The Israel Antiquities Authority determined the inscription on the ossuary to be a hoax, specifically the "brother of Jesus" line. To me, even if the inscription were 100% authentic it wouldn't change anything. I'm already reasonably sure that Jesus was a real person, and even more so James (he's mentioned in Paul's letters). I'm also pretty sure that they were brothers. The existence of the ossuary doesn't prove that Jesus rose from the dead, and to me is more confirmation that he was simply who scholars think he was: A prophet of peasants and an inspiring figure.

This all leads me to the latest and newest greatest find in the field of Christian scholarship "the biggest find since the Dead Sea Scrolls" and according to one scholar "the major discovery of Christian history." The discovery in question, seventy tiny books with lead pages bound together with wire, has launched all sorts of speculation. Since some of the books are sealed people are already saying they could be the "lost codices described in the Book of Revelation." Other claims have these books as the first Christian texts, possibly dating from the time of Christ himself. I wish journalists would downplay the sensational and that people would concentrate more on the facts when dealing with these things.

First of all the books are said to come from one of the caves Jews and Christians used to hide in as the Romans destroyed the Second Temple. According to the scholars who haven't dismissed this "major discovery of Christian history" as a hoax, the oxidation on the books dates them to this period of history. So if we can reasonably date them to 70 CE, that's still forty years after the death of Jesus and a little over twenty years after Paul's first letter. Writings from the "time of Jesus" these are not, at best they are second generation and post-Pauline.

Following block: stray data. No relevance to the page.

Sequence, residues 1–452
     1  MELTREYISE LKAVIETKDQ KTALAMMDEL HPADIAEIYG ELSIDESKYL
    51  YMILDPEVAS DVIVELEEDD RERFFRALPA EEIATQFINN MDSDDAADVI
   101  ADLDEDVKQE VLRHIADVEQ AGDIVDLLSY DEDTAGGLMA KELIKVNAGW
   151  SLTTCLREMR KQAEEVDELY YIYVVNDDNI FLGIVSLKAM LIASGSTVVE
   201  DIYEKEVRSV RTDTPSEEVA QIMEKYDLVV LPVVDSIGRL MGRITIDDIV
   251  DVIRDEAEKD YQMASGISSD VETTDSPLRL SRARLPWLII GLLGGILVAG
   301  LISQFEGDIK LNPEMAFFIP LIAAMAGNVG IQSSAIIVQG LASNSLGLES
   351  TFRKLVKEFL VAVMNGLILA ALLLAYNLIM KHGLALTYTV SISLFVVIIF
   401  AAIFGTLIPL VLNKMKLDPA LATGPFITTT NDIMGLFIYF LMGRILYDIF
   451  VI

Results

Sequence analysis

Since these writings obviously came from Jerusalem, they would be from the Jewish Christians who had set up shop in Jerusalem after the death of Christ. Those Jewish Christians were later marginalized as the Christian Church began to be appeal almost exclusively to gentiles and became more Pauline. (The break between Paul and the Church in Jerusalem was strained during Paul's lifetime.) As a result, the philosophies contained in those tiny books might be rather different from those found in modern Christianity.

The idea that some of these sealed volumes might somehow relate to the Book of Revelation is fascinating, but not surprising. It's not surprising because Revelation is such a source of fascination to so many Christians that people constantly look to link to it. Since Revelation is so ambiguous that's easy to do. Secondly, if Revelation was written in response to persecution by the Emperor Nero the date of composition theorized for these small books aligns almost perfectly.

As a student of history and religion the revelations possibly contained in these books will not be about the authenticity of Jesus. Instead, I see them as a light towards better understanding the evolution of Christian thought and liturgy. If they came from the Jerusalem Church, even better. I'm curious as to what Jewish Christians thought as they saw the Temple destroyed.

Discoveries in the Holy Land and of ancient texts do little to dim or spark belief amongst the skeptics and the believers. They might possibly kindle interest in things historical for short periods of time, but nothing unearthed or translated will ever prove or disprove the existence of Jesus. While I don't think faith should blind us from reality, there are some things science will never prove or disprove, the reality of deity is one of them, and that's an article of faith.

(More on those little tiny iron books: